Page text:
Today’s kids are incredibly tech-savvy. While your childhood memories probably include a precious teddy bear you named Muzzy McFuzzy and fun times rolling in the dirt with your friends, children of the iGeneration enjoy gadgets and they engage with the world in a different way. Of course, technology doesn’t exclude outdoor activities for the kids but it does shape the way they communicate.
Despite the common assumption that digital devices are “asocial“ and that they support alienation, the data gathered in the Global Kids Study shows different results: kids use technology to strengthen their existing relationships and build new ones in the virtual world. This way of communication does not substitute the need for real life face-to-face contact but it enriches the bonding process. The iGeneration spends an average of three hours per day online, with watching videos and visiting social networks as the top two favorite activities. This is where the parents start to fear for their children’s safety in the digital world.
According to the PewResearchCenter, around 72% of the parents are particularly worried about strangers their child might interact with online. This is why the trend of monitoring kids’ online presence is gaining momentum: parents take precaution by helping their children set privacy settings on social media profiles and they encourage them to be careful about what they post online.
However, parents are aware that being virtually present is one of the ways a child builds a sense of belonging and connects to peers: this is why 76% of the parents admitted helping their 12-year-old gain access to Facebook even though it is a direct violation of the user minimum age limit, set at 13 years old. Most of the social networks and sites have stated this age limit in their Terms of Service agreements. By doing so, they don’t have to deal with the legal responsibility for not respecting the Child Online Privacy Protection Act (COPPA) that conditions them to handle children’s data appropriately.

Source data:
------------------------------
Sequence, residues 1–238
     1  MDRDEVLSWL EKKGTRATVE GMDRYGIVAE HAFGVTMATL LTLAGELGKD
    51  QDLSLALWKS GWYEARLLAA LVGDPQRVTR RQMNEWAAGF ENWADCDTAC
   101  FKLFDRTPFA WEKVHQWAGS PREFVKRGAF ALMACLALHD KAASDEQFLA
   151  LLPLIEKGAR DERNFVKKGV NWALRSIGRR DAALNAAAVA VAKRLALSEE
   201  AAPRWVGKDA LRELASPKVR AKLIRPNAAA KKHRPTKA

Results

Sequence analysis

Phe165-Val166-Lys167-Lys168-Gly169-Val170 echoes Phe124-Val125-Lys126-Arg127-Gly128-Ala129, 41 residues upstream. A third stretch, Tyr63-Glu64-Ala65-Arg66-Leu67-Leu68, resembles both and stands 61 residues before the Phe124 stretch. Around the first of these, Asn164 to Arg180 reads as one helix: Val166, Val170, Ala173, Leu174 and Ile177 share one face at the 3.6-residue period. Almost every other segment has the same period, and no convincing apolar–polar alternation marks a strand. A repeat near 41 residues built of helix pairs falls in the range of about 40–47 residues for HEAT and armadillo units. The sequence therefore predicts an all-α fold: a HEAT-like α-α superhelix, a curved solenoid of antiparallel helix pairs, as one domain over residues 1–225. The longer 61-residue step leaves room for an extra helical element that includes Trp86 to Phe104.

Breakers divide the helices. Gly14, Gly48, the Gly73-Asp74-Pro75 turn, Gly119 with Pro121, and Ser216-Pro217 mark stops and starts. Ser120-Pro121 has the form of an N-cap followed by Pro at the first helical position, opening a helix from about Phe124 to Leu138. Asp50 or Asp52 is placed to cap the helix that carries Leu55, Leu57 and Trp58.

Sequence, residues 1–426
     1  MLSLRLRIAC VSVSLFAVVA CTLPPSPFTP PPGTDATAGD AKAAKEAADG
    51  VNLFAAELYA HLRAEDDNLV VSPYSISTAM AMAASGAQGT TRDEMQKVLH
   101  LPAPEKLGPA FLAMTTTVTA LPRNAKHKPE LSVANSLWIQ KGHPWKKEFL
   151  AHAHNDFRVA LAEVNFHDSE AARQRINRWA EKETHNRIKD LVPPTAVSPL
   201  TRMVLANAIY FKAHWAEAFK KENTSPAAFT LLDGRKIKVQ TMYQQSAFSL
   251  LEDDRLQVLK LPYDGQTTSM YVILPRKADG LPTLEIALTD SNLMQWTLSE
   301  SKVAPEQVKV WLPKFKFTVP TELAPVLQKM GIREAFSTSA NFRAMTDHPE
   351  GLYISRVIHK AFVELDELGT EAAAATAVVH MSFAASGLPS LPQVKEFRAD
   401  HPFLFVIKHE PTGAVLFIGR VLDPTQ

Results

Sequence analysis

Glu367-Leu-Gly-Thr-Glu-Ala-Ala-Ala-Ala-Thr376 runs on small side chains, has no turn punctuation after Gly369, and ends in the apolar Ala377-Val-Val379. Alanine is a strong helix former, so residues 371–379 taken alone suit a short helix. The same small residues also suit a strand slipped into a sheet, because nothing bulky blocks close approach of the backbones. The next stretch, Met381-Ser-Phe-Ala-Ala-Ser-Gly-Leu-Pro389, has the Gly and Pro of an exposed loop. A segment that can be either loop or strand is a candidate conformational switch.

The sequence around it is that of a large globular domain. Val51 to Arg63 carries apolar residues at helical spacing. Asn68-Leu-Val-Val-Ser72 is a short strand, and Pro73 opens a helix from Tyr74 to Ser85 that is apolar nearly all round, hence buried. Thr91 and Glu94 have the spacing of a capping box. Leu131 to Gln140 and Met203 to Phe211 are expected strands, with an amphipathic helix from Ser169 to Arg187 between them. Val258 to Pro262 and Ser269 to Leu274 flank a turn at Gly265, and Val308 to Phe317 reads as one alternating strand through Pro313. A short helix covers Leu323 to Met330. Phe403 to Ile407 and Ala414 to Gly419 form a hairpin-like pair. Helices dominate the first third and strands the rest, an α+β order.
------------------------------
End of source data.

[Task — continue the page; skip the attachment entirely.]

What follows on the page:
Cyber-bullying, stalkers, as well as predatory marketing practices and missuses of children’s private data are serious issues that must not be ignored. Despite all of this, kids want to continue socializing in the virtual world.
Luckily, at Jet Networks, Inc. – they offered a solution: in September 2016, they’ve introduced Jet.Me, the world’s first chat platform specifically designed for kids under 13.
Jet.Me is an app created especially for children 8-12 years old that combines the two most favorite things we all love when communicating: sharing media and chatting with others. So, what makes Jet.Me so different from other social platforms? There are several things: